by Hunter Dawkins

After deliberation by the state Commissioners of Marine Resources (CMR) committee at their monthly meeting in the Bolton Building about penalty matrix and processing plants, the Office of Marine Fisheries of the Mississippi Department of Marine Resources (MDMR) declared the 2019-20 oyster season to be done.  With Director of the Shellfish department at the MDMR; Erik Broussard, giving the presentation to the CMR, he delivered astounding numbers of more than 95% mortality rate for oysters in the western portion of the Mississippi Sound.

The decision to open the Bonnet Carre Spillway twice in a calendar year was dreadful to the seafood industry along the Mississippi Gulf Coast.  A reason for this action by the United States Army Corps of Engineers was to release flood waters of the Mississippi River towards Lake Ponchartrain.

Unfortunately, this large amount of freshwater from the river poured into the Mississippi Sound killing numerous species and ruining the seafood industries for oysters and shrimp.  Broussard said the mortality rate was over 95% for oysters and shrimp at all testing stations west of Highway 49.

Veteran commissioner Richard Gollott asked Broussard and Office of Marine Fisheries Director Joe Jewell if there was any possible way an oyster relay would help, if Biloxi or Jackson County reefs began producing.  Both responded that a potential relay was likely, but the agency would need to test more before an attempt.

At the beginning, MDMR Executive Director Joe Spraggins revealed a hire of three new employees with the agency, five new patrol officers, and a flounder project being funded by the Tidelands Grant funds and the GO MESA appropriations.  General Spraggins mentioned next week’s testimony to the United States Senate on the Economic Impact of the Bonnet Carre Spillway.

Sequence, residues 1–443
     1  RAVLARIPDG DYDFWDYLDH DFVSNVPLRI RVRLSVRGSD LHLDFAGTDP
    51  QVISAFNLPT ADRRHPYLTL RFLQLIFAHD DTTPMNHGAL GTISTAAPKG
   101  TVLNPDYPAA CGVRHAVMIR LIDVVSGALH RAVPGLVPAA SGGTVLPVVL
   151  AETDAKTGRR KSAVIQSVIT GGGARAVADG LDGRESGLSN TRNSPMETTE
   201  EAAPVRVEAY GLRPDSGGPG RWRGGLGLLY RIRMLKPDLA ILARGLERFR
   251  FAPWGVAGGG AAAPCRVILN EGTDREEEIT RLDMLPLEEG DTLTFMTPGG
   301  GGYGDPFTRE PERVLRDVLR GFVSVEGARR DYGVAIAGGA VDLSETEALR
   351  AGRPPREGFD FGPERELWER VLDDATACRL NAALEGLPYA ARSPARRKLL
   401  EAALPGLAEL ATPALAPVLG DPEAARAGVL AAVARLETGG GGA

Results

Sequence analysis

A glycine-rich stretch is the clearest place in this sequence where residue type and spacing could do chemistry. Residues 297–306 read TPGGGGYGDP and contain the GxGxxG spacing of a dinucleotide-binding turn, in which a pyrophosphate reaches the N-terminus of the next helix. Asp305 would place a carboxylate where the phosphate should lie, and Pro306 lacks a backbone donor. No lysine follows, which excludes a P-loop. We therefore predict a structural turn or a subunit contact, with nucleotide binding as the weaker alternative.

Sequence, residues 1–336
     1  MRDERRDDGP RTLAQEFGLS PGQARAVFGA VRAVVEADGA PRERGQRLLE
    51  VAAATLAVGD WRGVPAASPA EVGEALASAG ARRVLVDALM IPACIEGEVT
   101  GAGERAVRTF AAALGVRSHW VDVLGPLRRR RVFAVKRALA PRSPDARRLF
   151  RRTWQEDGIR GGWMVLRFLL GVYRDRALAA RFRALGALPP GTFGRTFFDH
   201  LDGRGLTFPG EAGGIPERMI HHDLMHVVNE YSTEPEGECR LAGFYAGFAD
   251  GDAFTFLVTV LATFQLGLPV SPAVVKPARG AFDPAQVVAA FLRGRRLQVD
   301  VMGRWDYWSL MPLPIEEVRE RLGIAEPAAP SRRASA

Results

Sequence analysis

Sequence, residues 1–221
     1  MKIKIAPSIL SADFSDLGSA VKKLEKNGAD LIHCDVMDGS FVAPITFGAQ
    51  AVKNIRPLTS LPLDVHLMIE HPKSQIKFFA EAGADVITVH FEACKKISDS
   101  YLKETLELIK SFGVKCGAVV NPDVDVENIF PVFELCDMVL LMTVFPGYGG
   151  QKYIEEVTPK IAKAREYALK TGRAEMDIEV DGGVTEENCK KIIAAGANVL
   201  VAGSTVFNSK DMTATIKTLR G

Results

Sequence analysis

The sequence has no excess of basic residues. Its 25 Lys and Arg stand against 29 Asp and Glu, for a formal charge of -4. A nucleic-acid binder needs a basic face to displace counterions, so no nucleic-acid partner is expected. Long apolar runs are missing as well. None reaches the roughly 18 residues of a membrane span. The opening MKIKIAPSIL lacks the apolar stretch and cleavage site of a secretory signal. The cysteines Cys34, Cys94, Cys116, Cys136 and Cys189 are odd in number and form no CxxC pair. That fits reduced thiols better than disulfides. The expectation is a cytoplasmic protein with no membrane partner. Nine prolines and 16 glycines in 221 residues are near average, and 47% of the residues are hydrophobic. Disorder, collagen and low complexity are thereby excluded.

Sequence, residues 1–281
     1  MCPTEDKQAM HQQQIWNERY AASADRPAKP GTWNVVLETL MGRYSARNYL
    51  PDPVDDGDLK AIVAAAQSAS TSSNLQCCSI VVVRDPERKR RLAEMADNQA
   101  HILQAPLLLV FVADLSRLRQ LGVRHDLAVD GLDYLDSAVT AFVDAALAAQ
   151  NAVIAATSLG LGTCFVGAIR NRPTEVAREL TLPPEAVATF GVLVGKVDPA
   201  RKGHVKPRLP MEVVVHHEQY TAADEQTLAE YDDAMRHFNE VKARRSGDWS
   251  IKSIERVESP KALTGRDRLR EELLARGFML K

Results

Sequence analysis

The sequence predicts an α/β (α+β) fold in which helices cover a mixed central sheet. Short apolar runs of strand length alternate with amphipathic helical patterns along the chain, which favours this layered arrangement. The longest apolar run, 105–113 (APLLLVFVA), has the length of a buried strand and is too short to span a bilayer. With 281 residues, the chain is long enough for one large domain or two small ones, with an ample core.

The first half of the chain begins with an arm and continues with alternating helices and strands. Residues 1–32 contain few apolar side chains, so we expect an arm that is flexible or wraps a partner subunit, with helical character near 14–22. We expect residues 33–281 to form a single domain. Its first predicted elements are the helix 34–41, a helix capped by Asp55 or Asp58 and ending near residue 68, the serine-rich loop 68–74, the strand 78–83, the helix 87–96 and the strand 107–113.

In a few sensitive subjects, the Commission approved tarpon regulations in the state, a workshop for a proposed penalty matrix and an update on marine patrol’s review of shrimp processing plants.  Commission Steve Bosarge demonstrated a dislike for each of these items on the agenda inquiring if there was any scientific evidence to set a regulation and that the commission should use the state Attorney General’s report to set a penalty matrix system.

Office of Marine Patrol Chief Keith Davis disclosed 33 citations, the seizure of 150 fish, and are attempting to start an investigation across the coast for individuals trying to sell recreational fish.  Chief Davis explained of a capture of one large amount of flounder in Pass Christian from someone without a license.

Finally, MDMR’s Chief Financial Officer; Leslie Brewer, delivered an optimistic report by demonstrating the agency figures showed a large revenue over three million while the state agency is in good condition with a large amount of funds of the Tidelands budget remaining.

The state CMR finished the meeting certifying two state fishing records.  Tucker House of Saucier setting the record of a Bonnethead Shark weighing 15 pounds, 2.4 ounces using conventional tackle and Sean Cook of D’Iberville bringing home the state record for a Red Lionfish by weighing 1 pound, 13.44 ounces with a spear.